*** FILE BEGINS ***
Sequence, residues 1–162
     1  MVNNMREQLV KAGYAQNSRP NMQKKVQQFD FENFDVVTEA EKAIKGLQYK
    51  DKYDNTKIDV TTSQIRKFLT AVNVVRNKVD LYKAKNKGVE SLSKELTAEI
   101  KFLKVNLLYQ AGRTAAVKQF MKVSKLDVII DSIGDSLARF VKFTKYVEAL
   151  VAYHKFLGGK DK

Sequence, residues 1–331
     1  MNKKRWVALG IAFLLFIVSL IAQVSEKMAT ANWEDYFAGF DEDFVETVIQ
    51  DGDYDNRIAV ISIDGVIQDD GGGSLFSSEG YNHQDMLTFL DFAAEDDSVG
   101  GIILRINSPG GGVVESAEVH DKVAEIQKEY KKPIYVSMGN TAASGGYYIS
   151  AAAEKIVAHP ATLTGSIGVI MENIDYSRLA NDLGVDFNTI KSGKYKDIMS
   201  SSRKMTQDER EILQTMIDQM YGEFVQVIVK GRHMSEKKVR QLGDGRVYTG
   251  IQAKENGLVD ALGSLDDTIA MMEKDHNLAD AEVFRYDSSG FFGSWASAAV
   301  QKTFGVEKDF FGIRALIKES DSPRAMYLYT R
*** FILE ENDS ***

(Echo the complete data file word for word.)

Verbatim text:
Sequence, residues 1–162
     1  MVNNMREQLV KAGYAQNSRP NMQKKVQQFD FENFDVVTEA EKAIKGLQYK
    51  DKYDNTKIDV TTSQIRKFLT AVNVVRNKVD LYKAKNKGVE SLSKELTAEI
   101  KFLKVNLLYQ AGRTAAVKQF MKVSKLDVII DSIGDSLARF VKFTKYVEAL
   151  VAYHKFLGGK DK

Sequence, residues 1–331
     1  MNKKRWVALG IAFLLFIVSL IAQVSEKMAT ANWEDYFAGF DEDFVETVIQ
    51  DGDYDNRIAV ISIDGVIQDD GGGSLFSSEG YNHQDMLTFL DFAAEDDSVG
   101  GIILRINSPG GGVVESAEVH DKVAEIQKEY KKPIYVSMGN TAASGGYYIS
   151  AAAEKIVAHP ATLTGSIGVI MENIDYSRLA NDLGVDFNTI KSGKYKDIMS
   201  SSRKMTQDER EILQTMIDQM YGEFVQVIVK GRHMSEKKVR QLGDGRVYTG
   251  IQAKENGLVD ALGSLDDTIA MMEKDHNLAD AEVFRYDSSG FFGSWASAAV
   301  QKTFGVEKDF FGIRALIKES DSPRAMYLYT R